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Shepard Smith tackles the Uranium One scandal - and makes a surprising conclusion

Fox News Shepard Smith tackled the Uranium One conspiracy theory that Hillary Clinton was involved in the sale of Uranium resources to the Russian government. (Image Source: YouTube screenshot)

Fox News' Shepard Smith tackled the Uranium One deal with Russia and the suspected scandal surrounding it, but drew a surprising conclusion.

Here's the video of Shepard Smith taking on the Uranium One deal:

Here's what he said:

"So what are the facts? What is Uranium One? Uranium One is the name of a South Africa-based mining company," Smith began.

"Back in 2007 it merged with Urasia energy based in Canada. And in 2010 the mining arm of the Russian nuclear agency Rosatom, bought controlling interest in the company. Among other places, that mining company had operations in Wyoming that amounted to what the Nuclear Regulatory Commissions or the NRC said was at the time was about 20% uranium production capacity in the U.S.," he explained.

"Today the NRC says it's about 10%," he said. "Now, here's the accusation."

"Nine people involved in the deal made donations to the Clinton Foundation totaling more than $140 million," he added. "In exchange, Secretary of State Clinton approved the sale to the Russians. A quid pro quo."

"The accusation first made by Peter Schweizer," Smith continued, "the senior editor at large of the website Breitbart in his 2015 book, Clinton Cash. The next year, candidate Donald Trump cited the accusation as an example of Clinton corruption."

"Hillary Clinton's State Department approved the transfer of 20% of America's uranium holdings to Russia, while nine investors in the deal funneled $145 million to the Clinton Foundation," President Trump said in a recorded video.

"That statement is inaccurate in a number of ways," Smith said. "First, the Clinton State Department had no power to veto or approve that transaction. It could do neither. Here's how it does work."

"By law, when a foreign company wants to buy anything with potential national security implications, an interagency committee of the federal government must approve it," he continued. "The committee was given a broad mandate under President Reagan to advise the president on foreign investment transactions."

"That committee is called CFIUS," he explained, "or the Committee on Foreign Investment in the United States. It includes nine department heads. The Secretary of the Treasury is the chair person. The rest are the Departments of Justice, Homeland Security, Commerce, Defense, State and Energy, plus the Office of U.S. Trade Representative, and the Office of Science and Technology Policy. That's CFIUS. The nine department heads all approved the sale of Uranium One."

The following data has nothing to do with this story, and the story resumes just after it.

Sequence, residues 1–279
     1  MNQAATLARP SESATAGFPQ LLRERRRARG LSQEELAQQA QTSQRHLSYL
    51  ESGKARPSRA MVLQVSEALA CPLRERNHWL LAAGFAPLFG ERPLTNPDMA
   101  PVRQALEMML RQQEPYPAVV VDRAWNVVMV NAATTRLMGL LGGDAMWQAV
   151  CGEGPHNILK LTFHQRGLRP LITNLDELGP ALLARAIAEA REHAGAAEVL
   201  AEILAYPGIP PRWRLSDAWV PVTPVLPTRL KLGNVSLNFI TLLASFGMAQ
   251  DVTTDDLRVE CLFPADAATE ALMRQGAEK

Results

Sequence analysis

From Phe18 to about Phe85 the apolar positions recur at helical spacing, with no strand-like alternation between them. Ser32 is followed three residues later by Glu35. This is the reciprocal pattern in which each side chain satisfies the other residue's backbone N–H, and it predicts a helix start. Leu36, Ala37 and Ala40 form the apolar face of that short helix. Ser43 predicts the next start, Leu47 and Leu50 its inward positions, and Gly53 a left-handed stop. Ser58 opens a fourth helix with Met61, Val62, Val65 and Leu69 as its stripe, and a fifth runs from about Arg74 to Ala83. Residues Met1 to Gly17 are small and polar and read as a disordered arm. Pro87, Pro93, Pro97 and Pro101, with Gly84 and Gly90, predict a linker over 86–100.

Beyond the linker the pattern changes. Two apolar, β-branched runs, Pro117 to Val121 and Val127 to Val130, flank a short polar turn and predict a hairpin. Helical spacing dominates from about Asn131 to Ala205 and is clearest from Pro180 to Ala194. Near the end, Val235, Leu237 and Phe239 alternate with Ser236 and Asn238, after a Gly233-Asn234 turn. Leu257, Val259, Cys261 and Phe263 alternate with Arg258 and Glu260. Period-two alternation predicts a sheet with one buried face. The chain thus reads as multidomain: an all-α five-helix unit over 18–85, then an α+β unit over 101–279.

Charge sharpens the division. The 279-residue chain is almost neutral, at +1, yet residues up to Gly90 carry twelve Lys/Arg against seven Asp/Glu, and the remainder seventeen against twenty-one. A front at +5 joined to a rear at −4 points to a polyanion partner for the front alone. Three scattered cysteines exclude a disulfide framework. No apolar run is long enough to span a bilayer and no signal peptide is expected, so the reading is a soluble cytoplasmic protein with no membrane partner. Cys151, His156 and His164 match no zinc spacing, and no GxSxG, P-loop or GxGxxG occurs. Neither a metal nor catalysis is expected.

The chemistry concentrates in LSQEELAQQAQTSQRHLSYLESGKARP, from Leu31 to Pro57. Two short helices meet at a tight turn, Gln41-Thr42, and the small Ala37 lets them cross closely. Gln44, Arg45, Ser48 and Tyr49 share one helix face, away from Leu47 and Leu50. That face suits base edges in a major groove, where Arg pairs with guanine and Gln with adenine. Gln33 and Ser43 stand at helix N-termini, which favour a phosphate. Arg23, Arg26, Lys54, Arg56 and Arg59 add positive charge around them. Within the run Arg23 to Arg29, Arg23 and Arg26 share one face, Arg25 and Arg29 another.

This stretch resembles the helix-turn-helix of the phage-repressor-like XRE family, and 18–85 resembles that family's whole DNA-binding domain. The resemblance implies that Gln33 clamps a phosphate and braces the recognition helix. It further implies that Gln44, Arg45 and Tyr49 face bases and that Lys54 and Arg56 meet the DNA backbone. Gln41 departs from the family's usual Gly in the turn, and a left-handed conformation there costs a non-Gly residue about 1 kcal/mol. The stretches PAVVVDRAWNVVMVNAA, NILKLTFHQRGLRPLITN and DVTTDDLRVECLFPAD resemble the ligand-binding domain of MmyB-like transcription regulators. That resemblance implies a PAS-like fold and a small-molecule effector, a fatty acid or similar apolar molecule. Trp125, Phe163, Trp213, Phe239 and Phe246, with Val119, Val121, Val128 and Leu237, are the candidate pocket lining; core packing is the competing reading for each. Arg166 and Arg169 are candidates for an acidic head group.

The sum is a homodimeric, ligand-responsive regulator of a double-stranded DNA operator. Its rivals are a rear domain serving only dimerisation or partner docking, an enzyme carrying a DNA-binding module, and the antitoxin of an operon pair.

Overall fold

"It was unanimous - not a Hillary Clinton approval," he said.

"We don't know definitively whether Secretary Clinton participated at all directly," Smith added. "The then-Secretary of State, I should say Assistant Secretary of State Jose Fernando represented State on CFIUS. He says she did not, reporting that the secretary never intervened."

"Further neither Secretary Clinton nor the committee as a whole could stop any deal of this kind. The committee members evaluate the sale of anything potentially related to national security," he continued. "By law, if one member objects, the president and only the president can veto such a transaction. No committee member of the nine objected."

Smith went on to dismantle some of the other accusations in the scandal.

"The accusation is predicated on the charge that Secretary Clinton approved the sale. She did not," he said. "That is your Uranium One."

Is this being investigated?

Attorney General Jeff Sessions said Tuesday that he asked his senior federal investigators to look into whether the charges merited an investigation and a special counsel.

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